(BT: Here comes the good bit)
London police are now embarking upon a new harm reduction strategy, advising ecstasy users to drink plenty of water and to cool down in 'chill-out' areas of nightclubs to prevent dehydration and overheating. They are also advising clubbers to seek advice on safer drug use. There are increasing calls for UK police to allow the introduction of pill-testing in clubs. However, despite their new bids for harm reduction, the UK police force continue to express fears over using pill-testing measures, claiming that the use of these methods would be tantamount legitimising and condoning ecstasy use. But 11 people have died from taking ecstasy in the UK this year, compared with none in Holland, where harm reduction measures such as in-club pill testing are already in operation. And according to a report in the Guardian, the UK's ecstasy death rates are set to continue rising at such a rate that some experts fear as many as 25 deaths could be recorded by the end of 2001.
From: http://www.clubbed.com/clubbers/article1178.asp

Not a bad article on the whole, I think. Aside from a little journalistic license in saying that the unfortunates are "killed by MDMA" alone. I feel that perhaps since this is not a direct quote from the toxicologist John Ramsey, it's possible that he implied the converse; that deaths were not linked with any chemicals other than MDMA, emphasising that there are relatively few cases of poisoning, and the overwhelming majority of deaths are caused by hyperthermia and dehydration.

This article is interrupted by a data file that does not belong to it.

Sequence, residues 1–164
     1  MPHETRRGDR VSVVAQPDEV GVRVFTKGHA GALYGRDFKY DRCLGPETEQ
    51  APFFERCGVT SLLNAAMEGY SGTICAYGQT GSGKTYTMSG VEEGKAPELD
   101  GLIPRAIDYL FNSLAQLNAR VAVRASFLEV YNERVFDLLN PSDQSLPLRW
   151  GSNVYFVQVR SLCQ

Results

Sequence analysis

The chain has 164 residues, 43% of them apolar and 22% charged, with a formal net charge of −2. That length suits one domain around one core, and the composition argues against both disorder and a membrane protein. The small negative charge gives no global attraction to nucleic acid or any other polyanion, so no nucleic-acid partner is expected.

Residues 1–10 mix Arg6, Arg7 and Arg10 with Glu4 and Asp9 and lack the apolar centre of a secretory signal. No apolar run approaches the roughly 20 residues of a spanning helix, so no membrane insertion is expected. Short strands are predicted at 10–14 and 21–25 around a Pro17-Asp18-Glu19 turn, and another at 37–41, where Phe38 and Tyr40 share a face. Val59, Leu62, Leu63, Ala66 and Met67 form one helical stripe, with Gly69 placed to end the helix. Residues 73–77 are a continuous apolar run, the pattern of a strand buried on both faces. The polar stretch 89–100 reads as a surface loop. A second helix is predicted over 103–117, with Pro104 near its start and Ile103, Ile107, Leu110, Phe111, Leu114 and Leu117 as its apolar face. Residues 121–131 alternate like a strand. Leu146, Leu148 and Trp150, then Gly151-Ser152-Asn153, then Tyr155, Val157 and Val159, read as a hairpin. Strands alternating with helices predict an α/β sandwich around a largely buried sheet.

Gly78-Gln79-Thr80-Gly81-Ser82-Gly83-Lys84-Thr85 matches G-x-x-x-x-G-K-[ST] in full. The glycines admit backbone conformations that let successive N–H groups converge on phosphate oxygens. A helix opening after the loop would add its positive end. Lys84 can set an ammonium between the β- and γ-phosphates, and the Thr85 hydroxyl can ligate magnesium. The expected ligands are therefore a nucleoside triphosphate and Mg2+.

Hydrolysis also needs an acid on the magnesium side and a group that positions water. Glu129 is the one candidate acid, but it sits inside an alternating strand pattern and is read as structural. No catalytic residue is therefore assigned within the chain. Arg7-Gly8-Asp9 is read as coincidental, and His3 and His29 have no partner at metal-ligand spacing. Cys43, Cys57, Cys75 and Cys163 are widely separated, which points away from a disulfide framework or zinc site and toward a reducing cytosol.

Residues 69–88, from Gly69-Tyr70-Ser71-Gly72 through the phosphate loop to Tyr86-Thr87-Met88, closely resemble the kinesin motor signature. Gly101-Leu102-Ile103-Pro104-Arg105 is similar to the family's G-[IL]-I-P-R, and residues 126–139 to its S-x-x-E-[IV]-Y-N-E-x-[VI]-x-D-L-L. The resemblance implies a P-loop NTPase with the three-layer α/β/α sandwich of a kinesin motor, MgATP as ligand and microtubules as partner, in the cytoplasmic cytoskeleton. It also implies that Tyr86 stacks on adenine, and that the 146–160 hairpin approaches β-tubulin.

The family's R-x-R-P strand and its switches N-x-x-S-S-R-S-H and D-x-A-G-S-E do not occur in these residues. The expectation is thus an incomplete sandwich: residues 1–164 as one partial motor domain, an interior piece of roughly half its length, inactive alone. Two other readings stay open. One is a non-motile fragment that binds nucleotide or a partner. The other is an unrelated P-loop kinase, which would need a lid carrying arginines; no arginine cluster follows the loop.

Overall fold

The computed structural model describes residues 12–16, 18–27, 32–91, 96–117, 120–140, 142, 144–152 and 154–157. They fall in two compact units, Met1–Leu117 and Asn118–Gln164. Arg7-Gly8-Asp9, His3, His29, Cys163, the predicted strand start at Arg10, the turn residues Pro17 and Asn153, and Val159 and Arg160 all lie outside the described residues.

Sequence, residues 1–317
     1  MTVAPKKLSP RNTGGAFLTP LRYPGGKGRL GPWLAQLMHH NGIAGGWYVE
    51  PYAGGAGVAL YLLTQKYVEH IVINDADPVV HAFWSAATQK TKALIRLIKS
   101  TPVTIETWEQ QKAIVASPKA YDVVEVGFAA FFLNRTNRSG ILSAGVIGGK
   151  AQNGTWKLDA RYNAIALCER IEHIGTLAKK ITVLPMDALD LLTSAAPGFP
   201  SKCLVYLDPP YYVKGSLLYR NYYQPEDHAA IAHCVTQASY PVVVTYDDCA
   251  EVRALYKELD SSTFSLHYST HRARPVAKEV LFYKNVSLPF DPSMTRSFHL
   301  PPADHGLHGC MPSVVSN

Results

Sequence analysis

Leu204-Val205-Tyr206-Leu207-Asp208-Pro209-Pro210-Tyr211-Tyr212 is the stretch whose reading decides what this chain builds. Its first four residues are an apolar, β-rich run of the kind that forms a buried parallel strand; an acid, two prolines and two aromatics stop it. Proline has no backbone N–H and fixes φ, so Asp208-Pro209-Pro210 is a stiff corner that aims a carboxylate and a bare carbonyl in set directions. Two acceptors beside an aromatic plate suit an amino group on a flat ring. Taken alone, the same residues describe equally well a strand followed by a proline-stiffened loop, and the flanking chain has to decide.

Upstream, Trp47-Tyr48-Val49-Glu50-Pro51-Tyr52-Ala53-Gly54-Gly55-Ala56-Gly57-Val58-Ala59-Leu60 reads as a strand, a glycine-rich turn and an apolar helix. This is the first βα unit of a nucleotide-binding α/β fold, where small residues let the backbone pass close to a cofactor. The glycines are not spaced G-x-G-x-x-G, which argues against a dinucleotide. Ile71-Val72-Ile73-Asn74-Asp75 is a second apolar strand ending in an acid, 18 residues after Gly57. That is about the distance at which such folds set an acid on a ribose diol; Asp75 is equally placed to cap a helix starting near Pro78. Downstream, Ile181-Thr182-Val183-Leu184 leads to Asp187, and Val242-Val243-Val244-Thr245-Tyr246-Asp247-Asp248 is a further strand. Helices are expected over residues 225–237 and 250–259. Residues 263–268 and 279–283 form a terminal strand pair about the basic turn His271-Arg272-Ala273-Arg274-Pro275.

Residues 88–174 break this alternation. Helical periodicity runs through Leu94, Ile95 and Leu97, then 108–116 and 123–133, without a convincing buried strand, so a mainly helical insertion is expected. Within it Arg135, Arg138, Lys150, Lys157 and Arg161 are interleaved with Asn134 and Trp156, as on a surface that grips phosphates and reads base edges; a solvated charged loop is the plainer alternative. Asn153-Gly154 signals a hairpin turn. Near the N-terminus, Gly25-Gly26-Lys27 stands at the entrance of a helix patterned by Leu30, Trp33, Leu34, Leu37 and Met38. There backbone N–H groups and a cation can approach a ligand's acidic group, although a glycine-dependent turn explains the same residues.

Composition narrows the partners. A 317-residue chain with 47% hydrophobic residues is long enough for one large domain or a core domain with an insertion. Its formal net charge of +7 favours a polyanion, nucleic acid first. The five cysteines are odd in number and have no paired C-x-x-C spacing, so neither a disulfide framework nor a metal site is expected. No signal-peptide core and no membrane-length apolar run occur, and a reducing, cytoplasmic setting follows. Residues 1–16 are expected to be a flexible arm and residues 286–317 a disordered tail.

The links are becoming firmer and firmer in most people's minds. I think we may have to face a period in the future where we accept the causal link, and acknowledge that there is some truth in the equation:
MDMA + hot environment + exercise - water = Hyperthermia --> Death
Would the deaths have occurred in the absence of any of the above factors? Probably not. There are many people who go clubbing and take MDMA but also have breaks and drink water that live to tell the story. There are also many people that go out, dance a lot, but don't take MDMA, and live through that. Maybe the media will take an unbiased approach and talk about 'hyperthermia deaths' but it's unlikely IMHO. Quite frankly, it makes better news to speak of MDMA deaths, and clubbing fatalities, and when would a journalist let the whole truth stand in the way of a good headline?